Since the state income tax plan has now been abandoned, the damage to the Coalition’s prospects at the next election should be limited. However, this assumes that Turnbull and the Coalition make no further blunders.
Kevin Bonham’s poll aggregate is now at 50.7% 2PP to the Coalition, a gain for Labor of 0.7% since last week. The Poll Bludger’s BludgerTrack is at 50.8% 2PP to the Coalition, a gain for Labor of 0.8% since last week. Primary votes in BludgerTrack are 42.5% for the Coalition, 34.1% for Labor and 11.2% for the Greens. Since last week, the Coalition has lost 1.0% on primary votes. Graphs show the huge dive in Turnbull’s net approval rating.
Notes on these polls
In Newspoll, 35% preferred Turnbull as Liberal leader, with 22% for Julie Bishop, 14% for Abbott and 8% for Scott Morrison; among Coalition supporters, it was Turnbull 48%, Abbott 20%, Bishop 16%. By 57-31, voters thought the Liberals were right to vote out Abbott, compared with a 62-27 margin in October.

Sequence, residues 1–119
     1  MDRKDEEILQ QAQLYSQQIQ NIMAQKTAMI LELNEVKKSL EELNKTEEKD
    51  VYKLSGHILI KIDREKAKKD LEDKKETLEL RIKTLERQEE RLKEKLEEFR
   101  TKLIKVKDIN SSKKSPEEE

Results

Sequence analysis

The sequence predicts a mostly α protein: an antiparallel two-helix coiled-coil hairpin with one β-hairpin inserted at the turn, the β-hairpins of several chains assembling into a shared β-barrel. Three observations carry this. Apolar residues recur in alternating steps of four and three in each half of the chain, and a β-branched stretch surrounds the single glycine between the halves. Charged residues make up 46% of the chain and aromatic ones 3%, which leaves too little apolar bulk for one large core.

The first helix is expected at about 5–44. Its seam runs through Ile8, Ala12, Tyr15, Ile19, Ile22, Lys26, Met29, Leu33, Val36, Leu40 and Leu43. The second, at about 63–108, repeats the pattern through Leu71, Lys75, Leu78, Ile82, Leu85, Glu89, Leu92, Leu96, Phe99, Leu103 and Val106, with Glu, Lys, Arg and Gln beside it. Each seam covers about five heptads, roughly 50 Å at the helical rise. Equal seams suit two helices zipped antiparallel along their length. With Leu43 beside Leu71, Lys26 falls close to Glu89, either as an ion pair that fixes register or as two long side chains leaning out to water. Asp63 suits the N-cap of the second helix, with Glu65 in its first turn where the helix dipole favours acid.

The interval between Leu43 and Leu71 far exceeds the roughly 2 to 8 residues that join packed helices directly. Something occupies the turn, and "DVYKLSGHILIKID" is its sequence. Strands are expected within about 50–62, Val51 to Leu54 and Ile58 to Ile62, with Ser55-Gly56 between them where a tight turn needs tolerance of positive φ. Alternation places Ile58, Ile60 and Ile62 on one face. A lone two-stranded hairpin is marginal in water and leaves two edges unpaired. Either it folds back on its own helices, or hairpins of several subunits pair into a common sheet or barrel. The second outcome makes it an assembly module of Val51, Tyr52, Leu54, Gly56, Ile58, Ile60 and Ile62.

In this week’s Essential, there was a surprising 34-34 tie on the state income tax plan, but note the “it would mean Federal income tax rates would be reduced” wording. By 64-24, voters disapproved of tax exempt status for religious organisations. 32% thought the economy was good and 27% poor; in January poor led by 31-28. Scott Morrison was trusted most to handle the economy by 26%, with 23% for Chris Bowen and 51% undecided; this is a 4% rise for Bowen since January.
In last week’s Essential, 44% would approve of calling a double dissolution if the ABCC bill is blocked by the Senate, and 23% would disapprove. Only 14% thought the main reason for a double dissolution was the ABCC bill, with 30% opting for “will have a better chance if the election is early” and 25% for “getting rid of the Independents in the Senate”. Income tax cuts were preferred to company tax cuts by a 62-16 margin.
The Coalition was thought best to handle the economy overall by a 35-22 margin, but Labor did better on other economic issues, such as being best for working people, and people like you. Labor’s positive attributes have declined a little since November, while the Coalition’s have worsened more than Labor’s. A comparison between the two parties shows there are big differences in perceptions of being too close to the big corporate interests (Coalition by 27), leadership (Coalition by 11) and working people’s interests (Labor by 19).